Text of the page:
When does self-sacrificial leadership motivate prosocial behavior? It depends on followers’ prevention focus

By: David De Cremer, David M. Mayer, Marius van Dijke, Barbara C. Schouten, Mary Bardes


De Cremer, D., Mayer, D. M., Schouten, B. C., Bardes, M., & van Dijke, M.(2009). When does self-sacrificial leadership motivate prosocial behavior: It depends on followers’ prevention focus. Journal of Applied Psychology, 94, 887-899.

Abstract:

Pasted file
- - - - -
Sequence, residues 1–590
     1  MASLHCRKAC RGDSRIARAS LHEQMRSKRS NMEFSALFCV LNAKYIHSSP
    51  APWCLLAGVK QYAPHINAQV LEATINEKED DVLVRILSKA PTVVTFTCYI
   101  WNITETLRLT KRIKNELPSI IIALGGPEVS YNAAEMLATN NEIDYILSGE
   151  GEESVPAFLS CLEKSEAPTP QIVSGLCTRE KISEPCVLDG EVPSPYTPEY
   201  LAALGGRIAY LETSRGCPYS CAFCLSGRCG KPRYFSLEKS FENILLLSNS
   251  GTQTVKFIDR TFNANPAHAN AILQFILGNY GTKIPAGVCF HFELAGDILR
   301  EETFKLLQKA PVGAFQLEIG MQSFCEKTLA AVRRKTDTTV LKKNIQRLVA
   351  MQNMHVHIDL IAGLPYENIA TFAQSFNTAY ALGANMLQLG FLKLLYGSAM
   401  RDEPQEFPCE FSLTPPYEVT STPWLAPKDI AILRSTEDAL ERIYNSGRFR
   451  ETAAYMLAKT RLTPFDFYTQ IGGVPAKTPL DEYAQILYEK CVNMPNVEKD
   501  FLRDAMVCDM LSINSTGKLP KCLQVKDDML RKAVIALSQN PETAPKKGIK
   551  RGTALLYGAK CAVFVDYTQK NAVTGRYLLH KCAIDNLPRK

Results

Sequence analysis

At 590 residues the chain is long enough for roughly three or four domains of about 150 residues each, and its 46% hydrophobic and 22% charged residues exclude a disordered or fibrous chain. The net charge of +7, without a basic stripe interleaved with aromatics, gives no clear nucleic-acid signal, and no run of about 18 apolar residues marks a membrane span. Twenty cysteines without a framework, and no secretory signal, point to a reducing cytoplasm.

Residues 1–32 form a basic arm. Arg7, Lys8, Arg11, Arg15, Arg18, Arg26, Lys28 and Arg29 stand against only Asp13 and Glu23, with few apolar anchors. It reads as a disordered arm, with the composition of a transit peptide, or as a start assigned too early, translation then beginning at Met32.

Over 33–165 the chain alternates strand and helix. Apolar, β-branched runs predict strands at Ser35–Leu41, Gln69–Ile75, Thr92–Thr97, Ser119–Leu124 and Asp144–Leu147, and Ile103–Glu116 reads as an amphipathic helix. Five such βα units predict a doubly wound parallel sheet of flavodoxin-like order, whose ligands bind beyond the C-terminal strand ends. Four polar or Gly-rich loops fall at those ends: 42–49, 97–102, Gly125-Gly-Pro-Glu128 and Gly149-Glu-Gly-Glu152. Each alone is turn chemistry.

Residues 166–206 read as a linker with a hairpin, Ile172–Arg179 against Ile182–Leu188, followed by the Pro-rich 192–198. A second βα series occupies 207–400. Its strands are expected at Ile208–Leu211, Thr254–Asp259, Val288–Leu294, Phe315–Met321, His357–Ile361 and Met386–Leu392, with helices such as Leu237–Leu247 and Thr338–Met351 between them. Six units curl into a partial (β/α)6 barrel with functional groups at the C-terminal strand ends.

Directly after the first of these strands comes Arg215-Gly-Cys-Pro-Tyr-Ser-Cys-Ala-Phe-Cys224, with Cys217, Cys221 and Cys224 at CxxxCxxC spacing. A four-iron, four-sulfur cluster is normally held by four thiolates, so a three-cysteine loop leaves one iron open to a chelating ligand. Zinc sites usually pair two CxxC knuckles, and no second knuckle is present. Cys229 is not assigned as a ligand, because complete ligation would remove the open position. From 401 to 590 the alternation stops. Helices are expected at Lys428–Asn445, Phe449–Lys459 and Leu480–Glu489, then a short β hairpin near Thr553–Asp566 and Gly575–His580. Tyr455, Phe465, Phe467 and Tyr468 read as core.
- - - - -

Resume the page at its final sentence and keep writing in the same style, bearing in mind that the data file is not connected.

In the present set of studies, the authors examine the idea that self-sacrificial leadership motivates follower prosocial behavior, particularly among followers with a prevention focus. Drawing on the self-sacrificial leadership literature and regulatory focus theory, the authors provide results from 4 studies (1 laboratory and 3 field studies) that support the research hypothesis. Specifically, the relationship between self-sacrificial leadership and prosocial behavior (i.e., cooperation, organizational citizenship behavior) is stronger among followers who are high in prevention focus. Implications for the importance of taking a follower-centered approach to leadership are discussed.